WATCHING SPRING

This Monday will see BBC’s Springwatch return for the 2017 season. This is one of the few television events I look forward to every year as it provides an opportunity to get an up-close-and-personal look into nest boxes and hedgerows, countryside habitats and coastal hideaways, and discover what the British flora and fauna is getting up to as the weather (hopefully) turns warmer. While the calendar may say spring begins on 21st March, it’s really been in the past month or so that I’ve noticed my own garden beginning to erupt as the days turn longer.

In the pond, the frog spawn was slightly later than last year, appearing on 8th March. Hundreds of tadpoles hatched about 3 weeks later and those that survived the newts are still going about their business with no signs of legs just yet. Their parents—large common frogs—can occasionally be seen hanging out in the pond vegetation or venturing further afield to sit on the garden path.

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Having the privilege to watch damselflies metamorphosize from aquatic nymph to flighty adult has been one of the highlights of spring so far. But the most unusual sight in the pond this year? Bees. At any one time there are at least a dozen bees, either drinking or enjoying the nectar of the water hawthorn. Every so often I have to play lifeguard and fish one out that misjudged its step, but otherwise they seem to be getting on fine. If you’re interested in making your own bee or insect drinking station, a small dish with water and a few sponges or corks will do the trick.

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The thick hedges along the edge of the garden are popular with the birds: robins, blue tits, house sparrows, blackbirds, and woodpigeons have all made an appearance. The robins in particular have been incredibly active, zipping back and forth as they gather food to feed their young and pausing every so often at one of the bird feeders to grab a bite for themselves.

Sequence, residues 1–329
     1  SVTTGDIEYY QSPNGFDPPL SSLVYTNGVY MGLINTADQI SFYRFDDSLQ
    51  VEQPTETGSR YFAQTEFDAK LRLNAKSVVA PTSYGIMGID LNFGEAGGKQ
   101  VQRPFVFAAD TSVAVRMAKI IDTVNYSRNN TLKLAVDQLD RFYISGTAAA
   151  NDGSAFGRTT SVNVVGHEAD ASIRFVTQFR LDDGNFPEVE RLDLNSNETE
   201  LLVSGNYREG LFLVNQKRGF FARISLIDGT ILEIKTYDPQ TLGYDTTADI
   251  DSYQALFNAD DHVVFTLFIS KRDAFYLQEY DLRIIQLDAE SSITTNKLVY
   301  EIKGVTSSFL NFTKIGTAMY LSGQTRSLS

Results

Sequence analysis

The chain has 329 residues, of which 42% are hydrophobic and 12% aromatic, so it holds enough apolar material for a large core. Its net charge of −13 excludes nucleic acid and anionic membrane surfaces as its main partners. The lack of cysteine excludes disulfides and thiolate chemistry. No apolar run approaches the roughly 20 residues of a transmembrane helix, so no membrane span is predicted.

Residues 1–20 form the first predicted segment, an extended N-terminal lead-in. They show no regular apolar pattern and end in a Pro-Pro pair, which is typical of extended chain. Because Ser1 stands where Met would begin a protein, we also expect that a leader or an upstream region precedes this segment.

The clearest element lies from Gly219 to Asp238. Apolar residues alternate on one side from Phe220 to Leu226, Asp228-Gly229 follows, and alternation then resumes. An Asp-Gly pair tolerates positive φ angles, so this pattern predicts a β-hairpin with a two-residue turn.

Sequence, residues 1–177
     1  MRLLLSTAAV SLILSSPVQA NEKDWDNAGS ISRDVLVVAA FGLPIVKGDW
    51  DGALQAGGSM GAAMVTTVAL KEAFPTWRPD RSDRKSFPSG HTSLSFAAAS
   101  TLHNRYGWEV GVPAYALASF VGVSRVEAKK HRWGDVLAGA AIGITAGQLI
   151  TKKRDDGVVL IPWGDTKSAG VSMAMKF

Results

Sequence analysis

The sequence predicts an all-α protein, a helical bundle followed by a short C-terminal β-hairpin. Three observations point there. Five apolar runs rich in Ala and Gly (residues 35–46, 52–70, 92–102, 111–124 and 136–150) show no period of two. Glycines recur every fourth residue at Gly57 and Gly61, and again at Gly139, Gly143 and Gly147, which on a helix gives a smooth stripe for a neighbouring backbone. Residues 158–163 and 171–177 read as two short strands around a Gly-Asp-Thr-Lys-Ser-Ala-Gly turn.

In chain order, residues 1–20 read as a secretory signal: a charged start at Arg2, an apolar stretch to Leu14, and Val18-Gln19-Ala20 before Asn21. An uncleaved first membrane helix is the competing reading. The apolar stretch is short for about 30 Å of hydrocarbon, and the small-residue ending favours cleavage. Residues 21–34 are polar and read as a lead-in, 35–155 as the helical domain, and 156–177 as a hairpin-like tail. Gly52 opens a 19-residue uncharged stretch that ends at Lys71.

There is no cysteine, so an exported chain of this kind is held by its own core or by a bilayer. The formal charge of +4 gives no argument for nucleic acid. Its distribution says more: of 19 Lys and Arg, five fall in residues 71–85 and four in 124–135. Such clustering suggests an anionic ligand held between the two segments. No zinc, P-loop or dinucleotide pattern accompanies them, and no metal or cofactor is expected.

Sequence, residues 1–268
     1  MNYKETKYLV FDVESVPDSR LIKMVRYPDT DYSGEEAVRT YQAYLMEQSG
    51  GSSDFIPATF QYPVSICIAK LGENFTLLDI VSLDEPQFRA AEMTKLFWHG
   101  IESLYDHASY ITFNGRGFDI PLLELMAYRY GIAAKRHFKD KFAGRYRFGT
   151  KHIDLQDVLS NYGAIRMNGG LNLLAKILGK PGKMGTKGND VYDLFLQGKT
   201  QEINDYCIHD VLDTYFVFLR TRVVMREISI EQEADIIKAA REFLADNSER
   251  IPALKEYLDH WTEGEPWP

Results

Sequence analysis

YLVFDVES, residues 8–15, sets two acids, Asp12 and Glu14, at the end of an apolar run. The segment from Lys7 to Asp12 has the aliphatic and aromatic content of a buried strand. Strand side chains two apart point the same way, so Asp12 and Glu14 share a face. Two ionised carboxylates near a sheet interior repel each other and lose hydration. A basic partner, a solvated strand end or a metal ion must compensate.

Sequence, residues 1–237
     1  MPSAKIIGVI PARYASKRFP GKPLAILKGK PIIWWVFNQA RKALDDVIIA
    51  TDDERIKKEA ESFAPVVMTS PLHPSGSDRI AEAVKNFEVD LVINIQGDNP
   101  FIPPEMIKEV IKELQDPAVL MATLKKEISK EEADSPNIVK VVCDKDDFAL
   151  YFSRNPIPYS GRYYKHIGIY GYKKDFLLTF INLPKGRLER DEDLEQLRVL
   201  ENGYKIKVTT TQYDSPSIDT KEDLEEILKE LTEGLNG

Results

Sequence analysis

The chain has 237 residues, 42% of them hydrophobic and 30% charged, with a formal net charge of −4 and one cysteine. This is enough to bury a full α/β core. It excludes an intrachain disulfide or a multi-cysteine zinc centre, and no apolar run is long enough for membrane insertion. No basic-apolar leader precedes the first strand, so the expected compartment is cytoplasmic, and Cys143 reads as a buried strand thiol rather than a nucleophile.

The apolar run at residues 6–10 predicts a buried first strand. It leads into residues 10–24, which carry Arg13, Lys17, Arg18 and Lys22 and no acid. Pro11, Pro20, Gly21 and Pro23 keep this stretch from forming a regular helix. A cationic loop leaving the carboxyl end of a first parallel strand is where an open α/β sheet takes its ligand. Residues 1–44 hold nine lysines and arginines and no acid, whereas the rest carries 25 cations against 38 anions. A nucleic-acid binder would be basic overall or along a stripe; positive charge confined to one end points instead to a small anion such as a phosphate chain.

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But there is also drama. I spent the weekend watching a robin go from feeder to the nearest hedge, and each time it ducked inside I heard the noise of hungry chicks demanding to be fed. They sounded more like a nest of rattlesnakes than birds, but I did wonder at the wisdom of locating a nest so close to a busy food source; anything might be watching and listening.

Sure enough, a few days later when I was out in the garden the hedge had fallen silent and there was no sign of any fledgelings. Any number of things might have predated the chicks. Magpies and crows are occasional garden visitors, and these intelligent members of the corvid family will return to a nest again and again to get food for their own young. There is also the sparrowhawk; although I haven’t seen her recently, I suspect she is still around since this area is so rich in potential prey.

With all this going on in just one suburban garden, it’s not difficult to see why the BBC decided to showcase the highs and lows of the season across the entire country. I’ll certainly be tuning in over the next several weeks, and as Britain basks in a few days of glorious sunshine over the Bank Holiday weekend, I hope you have a chance to get out and enjoy the sights and sounds of spring in its full Technicolour, surround-sound glory.

Elaine Massung Off the Beaten Track
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